Riptideby Douglas Preston, Lincoln Child
For generations, treasure hunters have tried to unlock the deadly puzzle known as the Water Pit, a labyrinth at the heart of a small island off the coast of Maine. Reputed to be the hiding place of pirate treasure, the Water Pit destroys all who venture into it. Is the Water Pit a gateway to limitless treasure -- or to hell itself?See more details below
For generations, treasure hunters have tried to unlock the deadly puzzle known as the Water Pit, a labyrinth at the heart of a small island off the coast of Maine. Reputed to be the hiding place of pirate treasure, the Water Pit destroys all who venture into it. Is the Water Pit a gateway to limitless treasure -- or to hell itself?
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By Douglas Preston and Lincoln Child
Warner BooksISBN: 0-446-60717-7
Chapter OneJuly 1971
Malin Hatch was bored with summer. He and Johnny had spent the early part of the morning throwing rocks at the hornet's nest in the old well-house. That had been fun. But now there was nothing else to do. It was just past eleven, but he'd already eaten the two peanut-butter-and-banana sandwiches his mother had made him for lunch. Now he sat crosslegged on the floating dock in front of their house, looking out to sea, hoping to spot a battleship steaming over the horizon. Even a big oil tanker would do. Maybe it would head for one of the outer islands, run aground, and blow up. Now that would be something.
His brother came out of the house and rattled down the wooden ramp leading to the dock. He was holding a piece of ice on his neck. "Got you good," Malin said, secretly satisfied that he had escaped stinging and that his older, supposedly wiser, brother had not. "You just didn't get close enough," Johnny said through his last mouthful of sandwich. "Chicken."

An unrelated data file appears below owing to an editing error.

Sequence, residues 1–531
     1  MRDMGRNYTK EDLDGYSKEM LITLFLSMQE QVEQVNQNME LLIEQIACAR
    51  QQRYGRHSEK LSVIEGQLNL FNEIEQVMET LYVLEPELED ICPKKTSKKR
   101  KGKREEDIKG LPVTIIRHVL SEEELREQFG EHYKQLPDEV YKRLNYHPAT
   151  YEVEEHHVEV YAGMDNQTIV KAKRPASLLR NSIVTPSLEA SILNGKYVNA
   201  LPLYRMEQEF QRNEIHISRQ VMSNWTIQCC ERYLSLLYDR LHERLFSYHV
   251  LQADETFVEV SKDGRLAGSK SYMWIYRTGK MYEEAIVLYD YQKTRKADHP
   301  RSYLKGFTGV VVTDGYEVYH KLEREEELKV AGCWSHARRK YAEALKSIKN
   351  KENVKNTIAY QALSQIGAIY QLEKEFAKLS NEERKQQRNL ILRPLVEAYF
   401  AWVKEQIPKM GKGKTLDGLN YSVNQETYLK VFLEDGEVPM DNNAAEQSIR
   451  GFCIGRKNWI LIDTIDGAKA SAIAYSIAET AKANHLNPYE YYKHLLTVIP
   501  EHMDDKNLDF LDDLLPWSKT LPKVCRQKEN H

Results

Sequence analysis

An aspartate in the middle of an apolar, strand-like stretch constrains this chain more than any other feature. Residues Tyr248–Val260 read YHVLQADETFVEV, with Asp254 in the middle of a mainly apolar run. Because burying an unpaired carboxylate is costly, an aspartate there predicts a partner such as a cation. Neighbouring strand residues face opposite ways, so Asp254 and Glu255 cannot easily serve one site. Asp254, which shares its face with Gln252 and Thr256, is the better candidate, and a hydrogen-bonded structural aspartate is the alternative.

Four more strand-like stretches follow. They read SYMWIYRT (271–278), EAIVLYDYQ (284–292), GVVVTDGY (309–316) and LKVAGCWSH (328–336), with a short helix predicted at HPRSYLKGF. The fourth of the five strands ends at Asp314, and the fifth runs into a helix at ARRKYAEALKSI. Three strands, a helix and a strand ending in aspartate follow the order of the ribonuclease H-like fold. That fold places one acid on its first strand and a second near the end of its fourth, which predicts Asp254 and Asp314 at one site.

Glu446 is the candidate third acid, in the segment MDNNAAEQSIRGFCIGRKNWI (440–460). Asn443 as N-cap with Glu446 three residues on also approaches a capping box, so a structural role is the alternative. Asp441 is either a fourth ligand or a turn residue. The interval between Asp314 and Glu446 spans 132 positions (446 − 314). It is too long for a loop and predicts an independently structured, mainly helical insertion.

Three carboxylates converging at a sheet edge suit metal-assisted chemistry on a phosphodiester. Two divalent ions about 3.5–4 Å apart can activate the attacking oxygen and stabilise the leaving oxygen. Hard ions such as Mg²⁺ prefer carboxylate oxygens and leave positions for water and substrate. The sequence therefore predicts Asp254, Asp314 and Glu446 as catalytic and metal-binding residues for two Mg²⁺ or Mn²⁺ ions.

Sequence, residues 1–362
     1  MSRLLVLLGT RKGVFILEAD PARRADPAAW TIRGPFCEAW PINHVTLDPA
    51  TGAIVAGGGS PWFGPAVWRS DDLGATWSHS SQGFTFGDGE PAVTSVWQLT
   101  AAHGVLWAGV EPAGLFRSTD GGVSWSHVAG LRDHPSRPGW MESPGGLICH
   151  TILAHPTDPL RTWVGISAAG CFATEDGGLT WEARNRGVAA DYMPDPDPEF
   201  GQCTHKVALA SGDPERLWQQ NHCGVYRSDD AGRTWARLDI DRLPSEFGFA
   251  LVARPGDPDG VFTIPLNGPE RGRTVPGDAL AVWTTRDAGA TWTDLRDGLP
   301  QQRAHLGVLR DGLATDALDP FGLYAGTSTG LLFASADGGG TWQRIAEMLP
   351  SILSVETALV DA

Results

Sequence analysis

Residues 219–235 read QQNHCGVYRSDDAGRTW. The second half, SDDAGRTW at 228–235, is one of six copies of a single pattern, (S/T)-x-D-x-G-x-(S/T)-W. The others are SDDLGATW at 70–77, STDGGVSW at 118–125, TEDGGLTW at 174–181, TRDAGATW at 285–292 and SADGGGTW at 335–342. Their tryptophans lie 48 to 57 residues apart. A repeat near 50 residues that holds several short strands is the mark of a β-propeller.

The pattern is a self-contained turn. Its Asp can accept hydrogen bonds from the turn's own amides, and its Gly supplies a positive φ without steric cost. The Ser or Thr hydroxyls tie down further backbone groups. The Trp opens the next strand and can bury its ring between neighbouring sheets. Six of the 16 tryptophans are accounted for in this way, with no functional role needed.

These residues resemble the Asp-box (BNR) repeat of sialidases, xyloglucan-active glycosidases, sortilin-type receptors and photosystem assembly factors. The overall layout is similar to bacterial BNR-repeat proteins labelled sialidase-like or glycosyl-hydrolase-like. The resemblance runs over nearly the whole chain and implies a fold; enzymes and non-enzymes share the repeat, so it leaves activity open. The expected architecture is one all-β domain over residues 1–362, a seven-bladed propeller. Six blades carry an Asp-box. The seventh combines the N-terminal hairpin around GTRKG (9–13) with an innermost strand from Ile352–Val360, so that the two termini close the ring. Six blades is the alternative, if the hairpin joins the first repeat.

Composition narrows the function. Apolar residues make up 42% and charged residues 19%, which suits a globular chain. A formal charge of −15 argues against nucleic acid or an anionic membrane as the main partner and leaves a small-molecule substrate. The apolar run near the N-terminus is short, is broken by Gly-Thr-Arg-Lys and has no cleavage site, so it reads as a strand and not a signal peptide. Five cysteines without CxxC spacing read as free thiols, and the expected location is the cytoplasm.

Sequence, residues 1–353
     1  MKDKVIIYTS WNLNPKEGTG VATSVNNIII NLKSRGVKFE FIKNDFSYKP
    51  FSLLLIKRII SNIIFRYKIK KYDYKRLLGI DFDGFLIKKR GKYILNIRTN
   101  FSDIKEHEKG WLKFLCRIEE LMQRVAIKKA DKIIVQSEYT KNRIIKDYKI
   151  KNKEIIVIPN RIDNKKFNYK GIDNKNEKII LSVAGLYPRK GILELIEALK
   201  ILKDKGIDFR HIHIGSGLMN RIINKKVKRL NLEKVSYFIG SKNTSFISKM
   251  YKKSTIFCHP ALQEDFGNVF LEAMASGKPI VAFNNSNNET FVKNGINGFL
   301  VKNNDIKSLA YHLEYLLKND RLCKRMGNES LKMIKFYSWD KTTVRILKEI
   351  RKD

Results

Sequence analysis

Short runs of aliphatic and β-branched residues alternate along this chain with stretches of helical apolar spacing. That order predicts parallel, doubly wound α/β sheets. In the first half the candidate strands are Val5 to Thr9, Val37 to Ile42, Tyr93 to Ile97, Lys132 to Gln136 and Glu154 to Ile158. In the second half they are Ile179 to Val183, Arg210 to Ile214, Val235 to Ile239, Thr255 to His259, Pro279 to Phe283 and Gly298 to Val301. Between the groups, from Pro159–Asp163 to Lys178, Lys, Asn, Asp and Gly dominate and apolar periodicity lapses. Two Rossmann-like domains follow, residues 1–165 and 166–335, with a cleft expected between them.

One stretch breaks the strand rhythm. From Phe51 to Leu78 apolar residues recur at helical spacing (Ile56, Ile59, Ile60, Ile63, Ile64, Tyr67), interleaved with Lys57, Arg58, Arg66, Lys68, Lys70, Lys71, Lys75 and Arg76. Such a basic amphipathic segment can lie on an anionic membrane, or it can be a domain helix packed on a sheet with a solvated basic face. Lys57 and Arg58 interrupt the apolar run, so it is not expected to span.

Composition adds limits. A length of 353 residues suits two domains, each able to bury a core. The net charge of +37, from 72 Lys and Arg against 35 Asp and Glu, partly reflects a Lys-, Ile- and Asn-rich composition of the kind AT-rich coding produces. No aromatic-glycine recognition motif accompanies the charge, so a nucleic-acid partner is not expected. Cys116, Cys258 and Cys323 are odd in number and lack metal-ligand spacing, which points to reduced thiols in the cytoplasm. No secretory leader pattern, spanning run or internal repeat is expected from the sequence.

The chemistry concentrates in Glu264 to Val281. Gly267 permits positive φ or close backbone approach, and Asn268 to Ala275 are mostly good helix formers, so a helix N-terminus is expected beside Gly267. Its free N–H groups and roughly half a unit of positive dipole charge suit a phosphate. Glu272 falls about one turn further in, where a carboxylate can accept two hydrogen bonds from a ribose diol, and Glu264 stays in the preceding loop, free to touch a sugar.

"I got as close as you."
"Yeah, sure. All those bees could see was your skinny butt running away." He snorted and winged the piece of ice into the water. "No, sir. I was right there."
Johnny plopped down beside him on the dock, dropping his satchel next to him. "We fixed those bees pretty good though, huh, Mal?" he said, testing the fiery patch on his neck with one forefinger.
They fell silent. Malin looked out across the little cove toward the islands in the bay: Hermit Island, Wreck Island, Old Hump, Killick Stone. And far beyond, the blue outline of Ragged Island, appearing and disappearing in the stubborn mist that refused to lift even on this beautiful midsummer day. Beyond the islands, the open ocean was, as his father often said, as calm as a millpond.
Languidly, he tossed a rock into the water and watched the spreading ripples without interest. He almost regretted not going into town with his parents. At least it would be something to do. He wished he could be anywhere else in the world-Boston, New York-anywhere but Maine.
"Ever been to New York, Johnny?" he asked.
Johnny nodded solemnly. "Once. Before you were born."
What a lie, Malin thought. As if Johnny would remember anything that had happened when he was less than two years old. But saying so out loud would be to risk a swift punch in the arm.